In Kennedy v. NYS, 14-CV-990S, NYLJ 1202751641711 (WDNY Mar. 3, 2016), the Western District of New York held that plaintiff – a member of NYS Assembly Member Dennis Gabryszak’s staff – plausibly alleged hostile work environment sexual harassment against Mr. Gabryszak under 42 U.S.C. § 1983, and therefore denied defendants’ motion to dismiss under Fed. R. Civ. P. 12(b)(6) for failure to state a claim.
“To establish a hostile-work environment claim under Section 1983, a plaintiff must demonstrate that (1) she was intentionally harassed; (2) the harassment was based on her race or gender; (3) such actions were taken under color of state law; and (4) the harassment was so severe as to render the work environment hostile to her.”
Plaintiff alleges, in her Amended Complaint, the following:
Kennedy was hired on or about September 30, 2013, to act as Director of Community Relations in Defendant Gabryszak’s regional office in Cheektowaga, NY. From that date until the close of the Cheektowaga office upon Gabryszak’s resignation in January 2014, Kennedy worked under Gabryszak’s supervision, with [chief of staff Adam] Locher as her “immediate manager/supervisor.” Almost immediately upon Kennedy’s hiring, Gabryszak began making comments, gestures, and advances of a sexual nature toward her. Kennedy alleges, inter alia, that Gabryszak invited her to a couples’ massage, asked her whether she had a boyfriend and stated that she should “become pregnant”, frequently made comments about strip clubs and prostitutes and invited Kennedy to go to strip clubs with him, embarrassed her by purchasing a gift for her at a work event, caused her to view pictures of “scantily clad women” on a camera belonging to the office, and made various comments about her looks. Kennedy claims that Gabryszak’s unwelcome and offensive advances grew more “outrageous over time,” and that she “made every attempt to avoid Defendant Gabryszak but her primary job duties could not be accomplished without regular interaction with him.” Kennedy also alleges that she made several complaints regarding the behavior to Locher, who took no action except to tell her that this “was just how Dennis (Defendant Gabryszak) was.”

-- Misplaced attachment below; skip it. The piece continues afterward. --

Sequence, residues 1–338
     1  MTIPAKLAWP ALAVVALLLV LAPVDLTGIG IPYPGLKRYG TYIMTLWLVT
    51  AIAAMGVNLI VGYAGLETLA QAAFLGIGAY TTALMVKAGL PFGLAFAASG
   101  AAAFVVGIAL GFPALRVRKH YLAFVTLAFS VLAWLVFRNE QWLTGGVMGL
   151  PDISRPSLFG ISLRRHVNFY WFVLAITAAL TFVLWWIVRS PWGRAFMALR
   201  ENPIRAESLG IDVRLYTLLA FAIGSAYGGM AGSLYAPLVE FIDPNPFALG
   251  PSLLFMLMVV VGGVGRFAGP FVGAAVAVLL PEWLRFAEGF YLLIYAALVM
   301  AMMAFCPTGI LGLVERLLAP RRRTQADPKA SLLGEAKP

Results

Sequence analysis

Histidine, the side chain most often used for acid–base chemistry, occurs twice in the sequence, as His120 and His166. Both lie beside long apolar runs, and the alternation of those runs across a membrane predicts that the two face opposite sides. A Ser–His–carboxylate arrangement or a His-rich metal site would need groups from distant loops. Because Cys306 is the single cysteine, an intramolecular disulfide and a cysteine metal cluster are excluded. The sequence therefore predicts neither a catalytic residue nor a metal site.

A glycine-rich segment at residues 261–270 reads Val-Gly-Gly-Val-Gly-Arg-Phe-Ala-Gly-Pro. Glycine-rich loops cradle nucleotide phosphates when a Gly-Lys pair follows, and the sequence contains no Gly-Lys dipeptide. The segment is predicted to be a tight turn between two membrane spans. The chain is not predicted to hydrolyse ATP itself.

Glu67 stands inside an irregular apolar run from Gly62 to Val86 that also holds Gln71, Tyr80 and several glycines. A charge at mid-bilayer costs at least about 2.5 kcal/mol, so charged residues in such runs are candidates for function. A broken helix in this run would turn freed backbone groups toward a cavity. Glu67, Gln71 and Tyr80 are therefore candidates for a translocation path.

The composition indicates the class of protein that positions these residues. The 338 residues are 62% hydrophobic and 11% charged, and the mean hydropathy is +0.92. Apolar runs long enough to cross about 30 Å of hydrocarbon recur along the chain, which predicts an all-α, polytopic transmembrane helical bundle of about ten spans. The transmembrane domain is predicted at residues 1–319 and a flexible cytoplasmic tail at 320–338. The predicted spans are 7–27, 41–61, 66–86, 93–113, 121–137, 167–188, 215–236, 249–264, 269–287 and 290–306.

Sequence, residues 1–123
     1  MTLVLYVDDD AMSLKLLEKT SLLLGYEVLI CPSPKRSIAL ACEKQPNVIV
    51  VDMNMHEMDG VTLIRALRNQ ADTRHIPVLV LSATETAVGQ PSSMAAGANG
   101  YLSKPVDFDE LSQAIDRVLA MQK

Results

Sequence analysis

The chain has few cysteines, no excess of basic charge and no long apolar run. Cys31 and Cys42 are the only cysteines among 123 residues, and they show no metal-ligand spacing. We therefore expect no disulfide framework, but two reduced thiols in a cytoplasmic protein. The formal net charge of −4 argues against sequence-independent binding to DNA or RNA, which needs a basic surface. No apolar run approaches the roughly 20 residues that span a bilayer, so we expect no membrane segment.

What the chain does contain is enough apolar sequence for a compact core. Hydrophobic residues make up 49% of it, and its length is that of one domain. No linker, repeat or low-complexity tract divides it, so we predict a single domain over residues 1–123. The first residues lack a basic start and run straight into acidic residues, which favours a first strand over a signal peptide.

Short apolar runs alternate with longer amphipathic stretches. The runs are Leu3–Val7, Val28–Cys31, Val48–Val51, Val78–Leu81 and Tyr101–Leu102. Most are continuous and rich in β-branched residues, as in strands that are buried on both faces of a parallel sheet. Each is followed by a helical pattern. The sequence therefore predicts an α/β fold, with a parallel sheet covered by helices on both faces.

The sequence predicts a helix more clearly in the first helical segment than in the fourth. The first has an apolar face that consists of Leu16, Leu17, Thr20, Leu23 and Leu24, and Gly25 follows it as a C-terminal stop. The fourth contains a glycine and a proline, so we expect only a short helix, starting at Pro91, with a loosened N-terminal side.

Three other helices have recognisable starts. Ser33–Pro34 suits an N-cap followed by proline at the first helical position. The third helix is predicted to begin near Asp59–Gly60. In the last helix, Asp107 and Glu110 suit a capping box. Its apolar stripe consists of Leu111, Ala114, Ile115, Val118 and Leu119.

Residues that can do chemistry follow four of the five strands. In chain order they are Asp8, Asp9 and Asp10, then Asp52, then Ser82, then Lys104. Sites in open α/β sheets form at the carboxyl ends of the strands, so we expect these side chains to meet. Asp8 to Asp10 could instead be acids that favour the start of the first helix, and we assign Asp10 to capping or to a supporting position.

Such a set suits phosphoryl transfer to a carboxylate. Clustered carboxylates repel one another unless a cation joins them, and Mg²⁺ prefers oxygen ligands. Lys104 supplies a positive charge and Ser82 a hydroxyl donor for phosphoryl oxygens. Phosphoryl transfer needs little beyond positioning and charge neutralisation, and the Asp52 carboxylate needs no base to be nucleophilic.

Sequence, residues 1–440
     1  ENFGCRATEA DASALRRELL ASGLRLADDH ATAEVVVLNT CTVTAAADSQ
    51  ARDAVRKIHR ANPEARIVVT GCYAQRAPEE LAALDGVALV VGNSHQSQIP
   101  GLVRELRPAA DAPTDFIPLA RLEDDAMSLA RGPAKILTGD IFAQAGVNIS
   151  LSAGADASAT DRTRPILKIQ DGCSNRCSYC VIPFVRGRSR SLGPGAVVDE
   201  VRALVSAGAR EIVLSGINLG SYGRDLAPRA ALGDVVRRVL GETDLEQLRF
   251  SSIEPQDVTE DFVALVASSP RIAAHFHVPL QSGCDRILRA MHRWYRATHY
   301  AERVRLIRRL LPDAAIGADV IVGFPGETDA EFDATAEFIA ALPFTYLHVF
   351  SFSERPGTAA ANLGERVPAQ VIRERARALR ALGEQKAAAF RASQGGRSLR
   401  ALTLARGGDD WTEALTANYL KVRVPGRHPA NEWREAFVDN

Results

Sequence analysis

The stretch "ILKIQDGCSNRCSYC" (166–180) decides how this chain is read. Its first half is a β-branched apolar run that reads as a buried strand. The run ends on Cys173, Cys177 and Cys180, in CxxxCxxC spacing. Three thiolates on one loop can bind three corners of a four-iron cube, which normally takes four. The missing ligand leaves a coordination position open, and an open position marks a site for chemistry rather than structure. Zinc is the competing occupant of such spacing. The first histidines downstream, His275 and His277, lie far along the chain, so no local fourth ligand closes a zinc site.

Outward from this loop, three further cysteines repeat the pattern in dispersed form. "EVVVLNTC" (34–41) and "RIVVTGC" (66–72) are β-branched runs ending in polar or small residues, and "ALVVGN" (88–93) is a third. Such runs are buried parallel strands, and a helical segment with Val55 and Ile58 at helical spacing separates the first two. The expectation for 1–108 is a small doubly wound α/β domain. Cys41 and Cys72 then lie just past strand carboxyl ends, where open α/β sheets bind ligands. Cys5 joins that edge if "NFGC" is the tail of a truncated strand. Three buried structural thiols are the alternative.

The court held that plaintiff “has plausibly stated a § 1983 claim against Gabryszak,” noting that the alleged acts of harassment “are more than single, isolated examples of verbal abuse.”
However, the court dismissed plaintiff’s claims under Title VII against the State of New York and the New York State Assembly due to lack of subject-matter jurisdiction. Specifically, plaintiff fell within Title VII’s “personal staff” exemption and therefore was not an “employee” within the meaning of that statute.
It also dismissed her claims against Sheldon Silver on the grounds that he was entitled to “qualified immunity” and that his actions did not rise to the level of “personal involvement” in the alleged violations.